Plaka: If you ever find yourself underwhelmed or actually, overwhelmed by the streets of Athens, head here. It is heavily tourist-ed, but aesthetically pleasing and relaxing. Picture dope street art meets cobble stone, car-free streets meets, low hanging trees with beautiful flowers. This was a great place to grab a beer, a platter of fried food, and to enjoy the beauty of the little buildings and nature around us. A hip, Instagrammer’s version of heaven. Our waiter took the time out to really converse with us, to learn more about us, and to tell us more about Athens as we slowly became giggly and euphoric from drink. Whereas Athens tended to move very fast for me, Plaka seemed to move more slowly and peacefully.

 

 

 

Temple of Zeus: Not much stands of the old temple to the big shot himself, but the pillars which do stand are tall enough to bump into the home of the gods itself. I found myself staring at it as I walked around yelling, “This is just…here!?” People drive past it every day, see it from their windows, and don’t even give it a second glance! Again, one has to keep in mind that we’re not looking at a monument erected (have to continuously use this word as we’re talking about Zeus) in honor of something that happened long ago. You are literally looking at the thing built so long ago! THOUSANDS of years ago, and it still stands! It’s even crazier when you realize everyone has a least heard of Zeus. He is the world renowned adulterer, rapist, child eater, womanizer, thunder bolt throwing boss of all the Greek gods. This is where people came to worship him, beg of him, and seek clarification to life’s mysteries. ”Dear Zeus, sexually assaulted by a swan, have a feeling you know something about this.“ It’s a fraction of a temple, that is all, but it’s something I found I could marvel at for hours.

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– *Panathenaic Stadium: My husband is a fan of athleticism and sport, and I have at least tried athleticism one time, so we were really eager to see this. This was his find and it was a great one. The audio guide is a must as it explains the history of the site as well as the history of the Olympics. There are plenty of great photo opportunities and the whole place is full of stairs, AKA, places to sit which really suited me well. While I used the stairs as respite and to take selfies, my husband ran up and down them to get his cardio in. This, again, is a great example of a win-win in marriage. To get to the inside you go through a tunnel and the audio guide does an excellent job of painting a scene of a gladiator coming out to see the crowd for the first time, or the ancient rituals which happened under the bridge, one of which involves topless women dancing in a circle. Weird because when those girls did this, it was religious, when my friends and I do this, it’s “inappropriate” and “frightening to children.” The inside has a well laid out and captivating display of memorabilia from every year’s Olympics including prior torches, jerseys worn, signs hailed, and more. It was interesting to see the way the Olympics looked in different years and in different places, the huge variety in display is dizzying and kept us interested. I enjoyed this experience so much more than I thought I would have and I highly recommend!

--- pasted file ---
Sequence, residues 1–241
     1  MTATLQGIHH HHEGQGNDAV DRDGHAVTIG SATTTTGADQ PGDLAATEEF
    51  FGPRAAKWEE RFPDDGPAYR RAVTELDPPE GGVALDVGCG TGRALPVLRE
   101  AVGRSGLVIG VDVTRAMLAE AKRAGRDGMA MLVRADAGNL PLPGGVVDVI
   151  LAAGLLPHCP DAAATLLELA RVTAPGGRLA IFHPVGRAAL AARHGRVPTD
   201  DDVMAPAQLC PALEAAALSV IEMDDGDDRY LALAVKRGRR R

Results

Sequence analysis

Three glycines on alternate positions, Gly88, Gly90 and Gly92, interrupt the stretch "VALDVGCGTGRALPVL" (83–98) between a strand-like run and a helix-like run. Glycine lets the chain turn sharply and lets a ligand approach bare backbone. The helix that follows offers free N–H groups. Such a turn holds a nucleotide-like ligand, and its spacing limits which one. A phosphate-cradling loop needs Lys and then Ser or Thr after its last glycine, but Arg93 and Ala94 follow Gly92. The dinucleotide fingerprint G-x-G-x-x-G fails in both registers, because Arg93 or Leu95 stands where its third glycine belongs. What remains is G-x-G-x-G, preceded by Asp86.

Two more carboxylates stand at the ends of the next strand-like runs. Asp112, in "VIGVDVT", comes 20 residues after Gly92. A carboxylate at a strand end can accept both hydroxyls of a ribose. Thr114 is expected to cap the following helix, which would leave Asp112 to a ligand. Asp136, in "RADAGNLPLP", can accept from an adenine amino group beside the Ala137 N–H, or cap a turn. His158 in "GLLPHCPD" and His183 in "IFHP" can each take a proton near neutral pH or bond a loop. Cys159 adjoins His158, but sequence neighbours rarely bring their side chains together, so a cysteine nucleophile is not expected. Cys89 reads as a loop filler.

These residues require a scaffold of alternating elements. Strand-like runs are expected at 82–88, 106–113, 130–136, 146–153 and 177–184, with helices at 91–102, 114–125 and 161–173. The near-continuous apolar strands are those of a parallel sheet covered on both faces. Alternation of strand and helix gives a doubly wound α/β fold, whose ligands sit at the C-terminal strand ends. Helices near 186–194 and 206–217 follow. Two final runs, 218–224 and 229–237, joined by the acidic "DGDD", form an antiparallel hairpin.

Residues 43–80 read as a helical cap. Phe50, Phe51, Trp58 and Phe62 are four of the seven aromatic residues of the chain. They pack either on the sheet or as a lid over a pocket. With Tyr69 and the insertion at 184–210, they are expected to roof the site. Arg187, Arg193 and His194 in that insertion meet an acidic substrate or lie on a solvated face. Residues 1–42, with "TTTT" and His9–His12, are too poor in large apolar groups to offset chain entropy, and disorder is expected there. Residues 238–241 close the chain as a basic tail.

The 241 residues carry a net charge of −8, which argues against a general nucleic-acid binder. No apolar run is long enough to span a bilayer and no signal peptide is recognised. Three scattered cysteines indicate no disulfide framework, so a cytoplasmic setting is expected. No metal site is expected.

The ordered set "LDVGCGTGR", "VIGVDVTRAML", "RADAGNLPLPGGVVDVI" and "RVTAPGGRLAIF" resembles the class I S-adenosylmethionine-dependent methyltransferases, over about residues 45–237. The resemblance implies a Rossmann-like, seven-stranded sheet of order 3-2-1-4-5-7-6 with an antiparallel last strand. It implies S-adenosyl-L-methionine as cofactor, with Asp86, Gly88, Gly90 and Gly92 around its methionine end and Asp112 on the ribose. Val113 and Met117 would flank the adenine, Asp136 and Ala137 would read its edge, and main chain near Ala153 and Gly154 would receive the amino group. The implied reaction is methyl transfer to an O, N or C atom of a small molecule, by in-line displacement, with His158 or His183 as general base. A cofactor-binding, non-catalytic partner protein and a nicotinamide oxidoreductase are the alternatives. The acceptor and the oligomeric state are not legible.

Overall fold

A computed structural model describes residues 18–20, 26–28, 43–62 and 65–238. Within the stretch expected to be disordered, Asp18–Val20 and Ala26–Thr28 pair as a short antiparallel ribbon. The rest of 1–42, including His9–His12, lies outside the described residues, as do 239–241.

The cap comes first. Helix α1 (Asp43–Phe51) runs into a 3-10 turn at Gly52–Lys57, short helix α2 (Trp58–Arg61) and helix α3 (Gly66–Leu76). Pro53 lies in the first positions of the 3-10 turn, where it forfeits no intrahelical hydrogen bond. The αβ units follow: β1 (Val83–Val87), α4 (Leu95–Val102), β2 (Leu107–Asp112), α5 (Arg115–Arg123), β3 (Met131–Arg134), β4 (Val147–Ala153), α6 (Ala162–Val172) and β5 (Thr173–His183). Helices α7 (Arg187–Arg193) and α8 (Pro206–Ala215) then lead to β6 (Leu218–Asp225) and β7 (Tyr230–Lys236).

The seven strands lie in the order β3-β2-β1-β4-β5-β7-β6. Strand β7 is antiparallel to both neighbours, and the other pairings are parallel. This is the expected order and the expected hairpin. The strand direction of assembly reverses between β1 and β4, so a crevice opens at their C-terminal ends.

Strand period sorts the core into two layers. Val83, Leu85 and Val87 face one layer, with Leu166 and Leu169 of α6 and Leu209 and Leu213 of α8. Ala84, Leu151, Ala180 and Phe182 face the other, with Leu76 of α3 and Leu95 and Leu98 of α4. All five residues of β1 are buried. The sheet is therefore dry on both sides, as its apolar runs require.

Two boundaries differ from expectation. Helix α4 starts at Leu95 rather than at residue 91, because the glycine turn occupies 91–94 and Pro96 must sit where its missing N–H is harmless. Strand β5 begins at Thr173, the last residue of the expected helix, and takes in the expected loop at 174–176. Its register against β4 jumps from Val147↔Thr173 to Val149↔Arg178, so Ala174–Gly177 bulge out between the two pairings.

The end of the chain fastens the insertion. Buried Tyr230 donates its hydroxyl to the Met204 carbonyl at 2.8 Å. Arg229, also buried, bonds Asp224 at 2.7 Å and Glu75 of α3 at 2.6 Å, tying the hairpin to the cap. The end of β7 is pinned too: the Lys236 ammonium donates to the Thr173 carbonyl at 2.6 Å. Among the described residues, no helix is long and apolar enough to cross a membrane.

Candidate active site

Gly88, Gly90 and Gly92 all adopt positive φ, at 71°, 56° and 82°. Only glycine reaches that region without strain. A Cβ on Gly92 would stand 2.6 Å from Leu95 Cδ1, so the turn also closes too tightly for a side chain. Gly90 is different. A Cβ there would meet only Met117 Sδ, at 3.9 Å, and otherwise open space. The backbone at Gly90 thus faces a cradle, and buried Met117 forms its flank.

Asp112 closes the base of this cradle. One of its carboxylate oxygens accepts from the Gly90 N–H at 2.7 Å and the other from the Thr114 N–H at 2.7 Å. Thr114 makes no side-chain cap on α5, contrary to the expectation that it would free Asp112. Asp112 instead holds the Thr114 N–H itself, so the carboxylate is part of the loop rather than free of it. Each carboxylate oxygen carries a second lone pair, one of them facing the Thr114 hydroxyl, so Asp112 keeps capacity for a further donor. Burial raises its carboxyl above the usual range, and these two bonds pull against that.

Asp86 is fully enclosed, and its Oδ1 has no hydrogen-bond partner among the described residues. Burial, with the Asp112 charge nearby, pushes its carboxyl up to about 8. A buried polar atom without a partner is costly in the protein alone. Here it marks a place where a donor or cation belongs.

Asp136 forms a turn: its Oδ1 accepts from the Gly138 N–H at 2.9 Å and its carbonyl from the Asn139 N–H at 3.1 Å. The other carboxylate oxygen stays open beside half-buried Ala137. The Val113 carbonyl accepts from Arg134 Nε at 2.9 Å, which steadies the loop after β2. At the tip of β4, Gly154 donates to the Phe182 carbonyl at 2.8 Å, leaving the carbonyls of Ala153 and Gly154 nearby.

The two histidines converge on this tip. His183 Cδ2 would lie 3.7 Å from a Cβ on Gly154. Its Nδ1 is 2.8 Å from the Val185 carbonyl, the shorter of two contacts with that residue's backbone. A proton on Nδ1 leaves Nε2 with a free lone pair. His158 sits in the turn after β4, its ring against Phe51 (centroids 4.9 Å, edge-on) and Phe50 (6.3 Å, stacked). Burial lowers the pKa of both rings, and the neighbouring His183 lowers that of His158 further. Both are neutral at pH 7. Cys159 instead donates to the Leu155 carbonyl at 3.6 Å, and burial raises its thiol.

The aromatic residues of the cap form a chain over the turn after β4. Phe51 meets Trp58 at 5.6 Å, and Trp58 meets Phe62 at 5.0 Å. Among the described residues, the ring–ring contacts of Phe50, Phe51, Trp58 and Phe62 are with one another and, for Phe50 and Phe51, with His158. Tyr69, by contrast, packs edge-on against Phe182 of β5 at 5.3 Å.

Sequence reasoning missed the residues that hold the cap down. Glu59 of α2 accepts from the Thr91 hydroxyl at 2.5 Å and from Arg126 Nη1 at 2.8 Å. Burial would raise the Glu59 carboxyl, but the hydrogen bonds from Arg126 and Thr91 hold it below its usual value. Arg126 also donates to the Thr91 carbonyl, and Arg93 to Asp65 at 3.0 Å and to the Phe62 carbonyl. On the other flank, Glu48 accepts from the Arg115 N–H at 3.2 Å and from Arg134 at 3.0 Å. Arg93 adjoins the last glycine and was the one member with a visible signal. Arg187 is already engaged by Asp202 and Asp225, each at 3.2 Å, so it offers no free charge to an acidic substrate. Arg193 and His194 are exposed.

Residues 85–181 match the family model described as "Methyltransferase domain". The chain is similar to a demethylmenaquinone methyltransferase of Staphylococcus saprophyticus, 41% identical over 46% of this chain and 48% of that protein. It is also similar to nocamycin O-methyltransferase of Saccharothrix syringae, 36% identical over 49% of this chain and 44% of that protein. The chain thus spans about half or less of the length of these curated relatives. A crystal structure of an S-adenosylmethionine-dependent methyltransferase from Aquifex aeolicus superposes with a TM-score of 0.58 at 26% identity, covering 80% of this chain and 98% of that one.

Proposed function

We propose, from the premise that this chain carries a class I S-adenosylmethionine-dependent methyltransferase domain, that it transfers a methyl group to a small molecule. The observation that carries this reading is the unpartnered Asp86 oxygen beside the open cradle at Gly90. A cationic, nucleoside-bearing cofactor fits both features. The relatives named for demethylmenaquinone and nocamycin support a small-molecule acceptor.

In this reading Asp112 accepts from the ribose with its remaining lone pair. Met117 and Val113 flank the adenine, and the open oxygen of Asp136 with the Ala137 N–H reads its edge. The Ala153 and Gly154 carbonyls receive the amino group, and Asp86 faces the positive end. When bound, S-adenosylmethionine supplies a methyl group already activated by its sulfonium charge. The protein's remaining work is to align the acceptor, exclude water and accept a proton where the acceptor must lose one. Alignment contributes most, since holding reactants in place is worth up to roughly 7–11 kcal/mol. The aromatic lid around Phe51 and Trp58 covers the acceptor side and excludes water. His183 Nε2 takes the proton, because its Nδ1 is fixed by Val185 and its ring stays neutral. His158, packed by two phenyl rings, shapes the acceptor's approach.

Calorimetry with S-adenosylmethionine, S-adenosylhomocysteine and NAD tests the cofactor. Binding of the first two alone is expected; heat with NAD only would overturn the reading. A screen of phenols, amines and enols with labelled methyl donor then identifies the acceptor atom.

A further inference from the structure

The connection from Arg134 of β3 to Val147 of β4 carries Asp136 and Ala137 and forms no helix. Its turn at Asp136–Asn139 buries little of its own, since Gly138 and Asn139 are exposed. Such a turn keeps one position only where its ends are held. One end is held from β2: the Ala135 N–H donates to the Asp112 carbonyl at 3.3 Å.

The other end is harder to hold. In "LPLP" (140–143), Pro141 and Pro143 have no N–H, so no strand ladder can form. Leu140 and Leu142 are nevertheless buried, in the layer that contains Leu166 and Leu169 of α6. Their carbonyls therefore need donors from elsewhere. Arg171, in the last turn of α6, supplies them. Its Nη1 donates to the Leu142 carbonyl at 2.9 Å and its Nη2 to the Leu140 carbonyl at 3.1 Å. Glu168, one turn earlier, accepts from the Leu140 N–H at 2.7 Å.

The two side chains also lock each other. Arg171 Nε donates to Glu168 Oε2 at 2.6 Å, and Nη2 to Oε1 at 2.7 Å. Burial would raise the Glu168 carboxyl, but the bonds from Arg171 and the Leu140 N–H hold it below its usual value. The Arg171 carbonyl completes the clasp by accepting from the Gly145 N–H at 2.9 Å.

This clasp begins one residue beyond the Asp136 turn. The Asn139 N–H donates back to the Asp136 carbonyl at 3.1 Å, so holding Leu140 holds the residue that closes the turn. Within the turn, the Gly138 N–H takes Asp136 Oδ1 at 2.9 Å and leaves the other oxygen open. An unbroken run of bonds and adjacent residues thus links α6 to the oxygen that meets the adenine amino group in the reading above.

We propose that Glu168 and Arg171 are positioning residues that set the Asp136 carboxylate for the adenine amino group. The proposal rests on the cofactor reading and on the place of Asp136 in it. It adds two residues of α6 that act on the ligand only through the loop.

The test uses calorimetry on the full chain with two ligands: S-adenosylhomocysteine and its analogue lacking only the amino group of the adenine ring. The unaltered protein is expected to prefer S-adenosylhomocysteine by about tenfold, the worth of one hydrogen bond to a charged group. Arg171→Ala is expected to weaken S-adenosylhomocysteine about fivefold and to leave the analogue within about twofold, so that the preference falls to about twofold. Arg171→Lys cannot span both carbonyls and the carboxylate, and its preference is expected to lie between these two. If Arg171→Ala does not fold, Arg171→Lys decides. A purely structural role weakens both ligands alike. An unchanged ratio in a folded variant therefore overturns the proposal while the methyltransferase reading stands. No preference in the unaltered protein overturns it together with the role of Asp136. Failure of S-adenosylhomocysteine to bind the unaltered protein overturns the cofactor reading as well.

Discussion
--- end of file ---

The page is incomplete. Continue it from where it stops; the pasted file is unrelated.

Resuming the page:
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Theater of Dionysus: I remember being in my freshmen year of college and taking a world theater class. Despite learning about so many styles of theater, learning about the ancient Greeks and the way they celebrated acting and stories on stage captured my interest greatly. In any given school year there are a few things you will always remember, wonder about, and be interested in learning more about, this was ancient Greek theater for me. I enjoyed imagining the ancient Athenians sitting in the amphitheater with their bread, cheese, and wine while theatrics and the magic of acting was literally invented right before their eyes. I remember learning about Dionysus and his association with wine, food, theater, and entertainment. I’ve googled photos, search up stories, and watched countless documentaries on all these things just for the sake of wanting to learn more and enjoyment. Seeing the theater of Dionysus itself was a pinch me, tears in eyes, heart in throat moment for me. I sat where all those people I dreamed about had sat before. I sat in the same place where they were overtaken by the spirit of creativity and joy of wine, both of which overtake me nearly every day. I stared out over the trees and roads, imagining ancient people excitedly coming to sit for the show. To be fortunate enough to visit a place I’ve heard about and dreamed about for so long…there are no words to describe my gratitude. If there’s one thing I love to do it’s dream and imagine, what a perfect place for such activities.